n 1947, Daniel Dennett was sent to Saudi Arabia to study the route of the proposed trans-Arabian pipeline before heading to Addis Ababa in Ethiopia to meet with Ethiopian and oil officials to discuss energy opportunities and airspace rights. The Cairo-based US petroleum attache and a communications specialist were also on board the ill-fated flight, which was also carrying 2,000lbs of secret radio equipment as well as an aerial camera.
The emperor of Ethiopia, Haile Selassie, had a strong anti-British sentiment and the United States was trying to increase its influence in the country. The passengers on board were due to meet officials in Addis Ababa from US-based Sinclair Oil, which had just been granted an exclusive mandate by the emperor to explore oil opportunities in Ethiopia. But before it could land, the plane crashed in mountains near the Ethiopian city of Dessie, killing all six Americans board.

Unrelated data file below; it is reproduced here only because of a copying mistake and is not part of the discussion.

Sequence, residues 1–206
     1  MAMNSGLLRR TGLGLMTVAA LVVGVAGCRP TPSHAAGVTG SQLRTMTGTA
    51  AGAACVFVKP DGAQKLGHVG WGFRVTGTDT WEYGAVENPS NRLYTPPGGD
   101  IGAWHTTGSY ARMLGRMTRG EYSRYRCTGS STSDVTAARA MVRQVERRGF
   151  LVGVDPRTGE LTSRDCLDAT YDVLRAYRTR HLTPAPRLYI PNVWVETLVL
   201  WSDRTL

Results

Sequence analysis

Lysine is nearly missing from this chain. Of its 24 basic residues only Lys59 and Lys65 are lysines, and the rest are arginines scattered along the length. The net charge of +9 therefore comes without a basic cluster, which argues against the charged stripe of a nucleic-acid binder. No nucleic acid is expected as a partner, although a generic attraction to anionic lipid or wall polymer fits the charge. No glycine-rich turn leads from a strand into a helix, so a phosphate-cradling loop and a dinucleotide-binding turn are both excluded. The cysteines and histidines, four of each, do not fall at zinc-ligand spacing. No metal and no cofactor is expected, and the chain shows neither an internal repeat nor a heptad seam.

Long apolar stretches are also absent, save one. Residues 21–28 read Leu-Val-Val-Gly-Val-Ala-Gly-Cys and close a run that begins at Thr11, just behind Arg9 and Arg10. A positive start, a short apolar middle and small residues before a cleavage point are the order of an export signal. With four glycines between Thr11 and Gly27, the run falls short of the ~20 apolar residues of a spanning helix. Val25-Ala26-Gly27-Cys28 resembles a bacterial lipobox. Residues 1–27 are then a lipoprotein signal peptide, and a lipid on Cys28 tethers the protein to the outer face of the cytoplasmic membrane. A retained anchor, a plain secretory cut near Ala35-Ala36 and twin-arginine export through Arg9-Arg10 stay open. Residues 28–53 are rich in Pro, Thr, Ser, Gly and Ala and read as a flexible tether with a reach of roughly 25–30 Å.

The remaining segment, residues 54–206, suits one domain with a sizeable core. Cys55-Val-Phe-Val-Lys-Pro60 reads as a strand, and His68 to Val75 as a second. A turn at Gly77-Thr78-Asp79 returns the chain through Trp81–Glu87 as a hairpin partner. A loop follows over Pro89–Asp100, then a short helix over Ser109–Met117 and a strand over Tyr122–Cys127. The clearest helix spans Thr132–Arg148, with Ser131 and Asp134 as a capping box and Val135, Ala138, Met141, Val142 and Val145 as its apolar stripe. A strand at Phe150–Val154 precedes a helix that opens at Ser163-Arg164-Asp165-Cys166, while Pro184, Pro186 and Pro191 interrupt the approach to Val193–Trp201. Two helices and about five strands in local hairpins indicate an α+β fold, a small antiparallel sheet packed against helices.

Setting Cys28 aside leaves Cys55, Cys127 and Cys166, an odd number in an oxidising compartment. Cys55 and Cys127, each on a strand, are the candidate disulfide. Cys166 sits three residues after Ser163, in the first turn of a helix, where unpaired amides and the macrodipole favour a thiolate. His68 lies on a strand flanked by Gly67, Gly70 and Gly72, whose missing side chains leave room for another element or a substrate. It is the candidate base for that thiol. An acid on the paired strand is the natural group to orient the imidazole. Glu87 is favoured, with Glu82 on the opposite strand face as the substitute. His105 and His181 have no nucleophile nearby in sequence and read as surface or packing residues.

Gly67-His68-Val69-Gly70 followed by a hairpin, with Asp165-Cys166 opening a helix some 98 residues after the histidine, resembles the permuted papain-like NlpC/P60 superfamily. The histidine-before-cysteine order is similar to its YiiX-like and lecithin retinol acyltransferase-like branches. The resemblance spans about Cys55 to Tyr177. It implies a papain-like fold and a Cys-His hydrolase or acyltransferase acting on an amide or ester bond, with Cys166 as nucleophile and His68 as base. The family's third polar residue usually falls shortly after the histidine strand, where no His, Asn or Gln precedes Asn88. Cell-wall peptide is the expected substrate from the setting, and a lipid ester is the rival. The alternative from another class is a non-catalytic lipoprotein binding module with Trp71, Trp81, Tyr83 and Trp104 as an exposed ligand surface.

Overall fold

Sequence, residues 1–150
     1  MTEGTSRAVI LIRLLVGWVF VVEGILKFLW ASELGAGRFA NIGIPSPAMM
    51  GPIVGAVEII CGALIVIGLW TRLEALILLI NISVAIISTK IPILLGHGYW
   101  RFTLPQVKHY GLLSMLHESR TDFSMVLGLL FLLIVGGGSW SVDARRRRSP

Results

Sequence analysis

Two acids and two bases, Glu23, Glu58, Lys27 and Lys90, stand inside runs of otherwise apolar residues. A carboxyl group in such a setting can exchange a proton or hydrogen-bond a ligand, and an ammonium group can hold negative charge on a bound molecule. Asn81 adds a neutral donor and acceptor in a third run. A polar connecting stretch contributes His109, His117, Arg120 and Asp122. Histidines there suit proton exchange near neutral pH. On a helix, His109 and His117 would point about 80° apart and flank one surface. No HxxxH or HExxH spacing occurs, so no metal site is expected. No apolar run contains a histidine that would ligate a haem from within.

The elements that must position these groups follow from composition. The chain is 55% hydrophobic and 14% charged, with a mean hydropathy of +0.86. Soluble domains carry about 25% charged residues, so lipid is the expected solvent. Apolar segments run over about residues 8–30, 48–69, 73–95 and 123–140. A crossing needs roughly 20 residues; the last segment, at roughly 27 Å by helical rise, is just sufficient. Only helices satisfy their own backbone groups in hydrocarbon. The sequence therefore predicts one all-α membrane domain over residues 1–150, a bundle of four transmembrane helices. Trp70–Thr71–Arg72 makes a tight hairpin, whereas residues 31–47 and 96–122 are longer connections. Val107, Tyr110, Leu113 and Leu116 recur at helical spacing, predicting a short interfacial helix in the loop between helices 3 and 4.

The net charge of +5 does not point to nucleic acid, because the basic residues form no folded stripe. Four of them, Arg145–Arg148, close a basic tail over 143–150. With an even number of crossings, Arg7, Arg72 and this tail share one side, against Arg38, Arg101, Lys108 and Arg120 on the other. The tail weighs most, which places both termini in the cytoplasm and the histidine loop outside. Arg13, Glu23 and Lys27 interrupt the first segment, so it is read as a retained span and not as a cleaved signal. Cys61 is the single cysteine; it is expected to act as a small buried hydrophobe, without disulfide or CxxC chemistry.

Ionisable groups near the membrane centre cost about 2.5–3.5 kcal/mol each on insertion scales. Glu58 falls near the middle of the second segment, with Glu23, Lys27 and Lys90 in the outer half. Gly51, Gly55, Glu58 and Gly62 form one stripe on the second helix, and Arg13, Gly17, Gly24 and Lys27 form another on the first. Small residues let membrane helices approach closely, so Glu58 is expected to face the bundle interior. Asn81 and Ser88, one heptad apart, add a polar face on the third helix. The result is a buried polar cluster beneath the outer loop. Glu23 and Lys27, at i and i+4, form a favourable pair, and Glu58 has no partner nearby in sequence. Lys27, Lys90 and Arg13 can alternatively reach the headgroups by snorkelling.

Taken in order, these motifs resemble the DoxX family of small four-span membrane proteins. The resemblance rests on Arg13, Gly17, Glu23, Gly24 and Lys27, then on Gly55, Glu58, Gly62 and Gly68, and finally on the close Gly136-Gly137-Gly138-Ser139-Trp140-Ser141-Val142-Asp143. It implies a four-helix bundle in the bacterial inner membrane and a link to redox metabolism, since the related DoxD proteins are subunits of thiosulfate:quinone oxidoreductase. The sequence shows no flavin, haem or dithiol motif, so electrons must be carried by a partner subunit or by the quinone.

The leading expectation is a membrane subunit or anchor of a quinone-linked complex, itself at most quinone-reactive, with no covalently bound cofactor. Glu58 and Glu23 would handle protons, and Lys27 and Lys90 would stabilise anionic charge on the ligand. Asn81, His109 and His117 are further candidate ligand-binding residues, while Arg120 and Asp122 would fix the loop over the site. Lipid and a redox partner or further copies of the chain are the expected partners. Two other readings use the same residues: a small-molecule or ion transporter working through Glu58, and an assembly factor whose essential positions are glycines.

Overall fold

The circumstances around the crash have been shrouded in secrecy ever since. In her new book, The Crash of Flight 3804: a Lost Spy, a Daughter’s Quest, and the Deadly Politics of the Great Game of Oil, Dennett looks into the mysterious circumstances surrounding her father’s death. Although Dennett was too young to remember spending time with her father, she found a connection with him through his line of work. Both of them have strong ties to the Middle East. Daniel Dennett was America’s top spy in the region for four years during the Second World War, while in the 1970s she worked as an investigative journalist in Beirut, covering Lebanon’s Civil war.
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